Archive for the ‘Jewish life’ Category
Warning to those of you who like a few glasses of wine with your meal: Apparently, virulent antisemitic ranting is now a side-effect of alcohol consumption.
First, Mel Gibson. Now John Galliano:
The French fashion house Christian Dior said Tuesday that it had started procedures to dismiss its chief designer, John Galliano, following accusations that Mr. Galliano made anti-Semitic outbursts at a Paris bar.
[ . . . ]
The video, posted on the Web site of the British tabloid The Sun, appears to show Mr. Galliano taunting other patrons at the bar, La Perle, declaring in a slurred voice that “I love Hitler” and that “people like you would be dead,” and “your mothers, your forefathers” would all be “gassed.” It was unclear when the video was recorded.
Of course, the notion that these outbursts were caused by drunkedness is laughable. Being drunk makes you lose your filters; it doesn’t turn you into a racist.
I’m uncomfortable with hate speech laws in general, and even though Galliano was clearly off his rocker on the offensive scale, the criminal charges against him make me squirm. But Dior firing him seems like an eminently sensible decision from a business standpoint, especially with spokesperson and Oscar-winner Natalie Portman speaking out against him. And such opinions are sadly all-too-common in France, which does has these laws on the books for a reason. I highly doubt that “I was drunk” will hold up as an excuse in court.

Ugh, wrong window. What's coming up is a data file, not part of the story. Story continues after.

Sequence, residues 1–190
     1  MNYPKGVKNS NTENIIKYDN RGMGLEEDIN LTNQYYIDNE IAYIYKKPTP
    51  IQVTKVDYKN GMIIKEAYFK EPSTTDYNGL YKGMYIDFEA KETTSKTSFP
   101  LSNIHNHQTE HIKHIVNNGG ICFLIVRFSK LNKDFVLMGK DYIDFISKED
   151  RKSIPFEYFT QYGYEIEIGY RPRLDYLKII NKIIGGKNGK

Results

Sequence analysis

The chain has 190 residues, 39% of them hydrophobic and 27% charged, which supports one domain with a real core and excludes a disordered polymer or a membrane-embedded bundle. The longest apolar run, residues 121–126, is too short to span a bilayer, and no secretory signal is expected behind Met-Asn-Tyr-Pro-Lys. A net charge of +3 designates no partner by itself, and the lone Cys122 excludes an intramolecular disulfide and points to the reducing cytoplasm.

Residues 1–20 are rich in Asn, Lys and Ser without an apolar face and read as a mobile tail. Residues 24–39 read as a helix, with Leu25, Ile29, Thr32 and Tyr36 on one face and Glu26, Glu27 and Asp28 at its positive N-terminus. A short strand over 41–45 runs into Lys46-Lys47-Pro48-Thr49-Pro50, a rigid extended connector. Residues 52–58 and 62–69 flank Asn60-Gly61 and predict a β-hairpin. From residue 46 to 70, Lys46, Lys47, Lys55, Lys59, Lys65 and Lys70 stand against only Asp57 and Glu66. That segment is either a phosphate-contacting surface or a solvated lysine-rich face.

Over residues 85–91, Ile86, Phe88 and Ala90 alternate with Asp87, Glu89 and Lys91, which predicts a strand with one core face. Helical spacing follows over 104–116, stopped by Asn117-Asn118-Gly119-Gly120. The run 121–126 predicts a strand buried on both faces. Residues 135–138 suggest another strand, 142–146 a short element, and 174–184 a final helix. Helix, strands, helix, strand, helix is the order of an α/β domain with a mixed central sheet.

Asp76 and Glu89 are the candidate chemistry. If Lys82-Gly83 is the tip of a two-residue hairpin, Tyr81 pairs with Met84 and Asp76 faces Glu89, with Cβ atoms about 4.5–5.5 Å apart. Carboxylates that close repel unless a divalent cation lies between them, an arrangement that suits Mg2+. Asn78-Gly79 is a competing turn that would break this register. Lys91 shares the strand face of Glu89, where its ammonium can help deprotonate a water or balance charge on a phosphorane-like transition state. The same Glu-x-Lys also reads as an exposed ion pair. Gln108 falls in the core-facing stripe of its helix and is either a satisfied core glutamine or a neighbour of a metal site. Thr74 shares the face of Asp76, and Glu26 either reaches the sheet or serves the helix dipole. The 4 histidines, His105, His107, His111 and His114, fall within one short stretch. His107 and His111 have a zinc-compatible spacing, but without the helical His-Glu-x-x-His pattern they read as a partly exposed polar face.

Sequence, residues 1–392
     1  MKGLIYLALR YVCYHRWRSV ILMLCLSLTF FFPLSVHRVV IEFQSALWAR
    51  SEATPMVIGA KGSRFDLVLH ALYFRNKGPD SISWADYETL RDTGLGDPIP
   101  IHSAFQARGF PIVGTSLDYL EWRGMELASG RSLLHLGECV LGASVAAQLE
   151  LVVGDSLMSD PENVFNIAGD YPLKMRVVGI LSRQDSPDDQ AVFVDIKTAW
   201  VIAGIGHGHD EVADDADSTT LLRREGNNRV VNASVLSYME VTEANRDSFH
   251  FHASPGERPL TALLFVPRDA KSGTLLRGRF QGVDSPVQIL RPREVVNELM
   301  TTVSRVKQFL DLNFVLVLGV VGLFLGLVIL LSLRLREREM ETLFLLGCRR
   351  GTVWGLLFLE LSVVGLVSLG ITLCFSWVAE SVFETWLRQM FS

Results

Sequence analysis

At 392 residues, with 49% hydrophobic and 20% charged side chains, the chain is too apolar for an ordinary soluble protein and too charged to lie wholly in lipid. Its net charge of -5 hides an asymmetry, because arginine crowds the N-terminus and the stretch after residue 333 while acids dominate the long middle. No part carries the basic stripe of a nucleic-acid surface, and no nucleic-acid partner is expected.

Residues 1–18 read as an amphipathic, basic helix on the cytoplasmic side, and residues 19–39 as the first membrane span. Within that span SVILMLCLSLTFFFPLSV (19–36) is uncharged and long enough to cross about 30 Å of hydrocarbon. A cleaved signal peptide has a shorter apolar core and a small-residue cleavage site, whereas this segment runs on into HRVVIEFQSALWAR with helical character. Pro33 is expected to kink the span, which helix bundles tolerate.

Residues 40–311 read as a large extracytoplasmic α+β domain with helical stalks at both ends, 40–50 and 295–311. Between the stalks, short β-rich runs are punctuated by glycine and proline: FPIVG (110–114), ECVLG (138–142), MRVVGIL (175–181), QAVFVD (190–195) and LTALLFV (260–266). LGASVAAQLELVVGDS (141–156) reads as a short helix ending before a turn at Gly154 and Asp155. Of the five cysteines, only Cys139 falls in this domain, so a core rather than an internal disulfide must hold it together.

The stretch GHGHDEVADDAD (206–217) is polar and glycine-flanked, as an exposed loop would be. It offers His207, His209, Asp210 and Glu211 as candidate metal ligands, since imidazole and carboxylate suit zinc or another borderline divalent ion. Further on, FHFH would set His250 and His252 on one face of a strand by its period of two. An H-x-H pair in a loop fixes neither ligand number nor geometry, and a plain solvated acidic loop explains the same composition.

Then again, maybe he should speak to Mel Gibson’s lawyer for some coaching.
Interesting op-ed by David Brooks in the New York Times about the real story of Chanukah and the difficult questions that it raises:
Generations of Sunday school teachers have turned Hanukkah into the story of unified Jewish bravery against an anti-Semitic Hellenic empire. Settlers in the West Bank tell it as a story of how the Jewish hard-core defeated the corrupt, assimilated Jewish masses. Rabbis later added the lamp miracle to give God at least a bit part in the proceedings.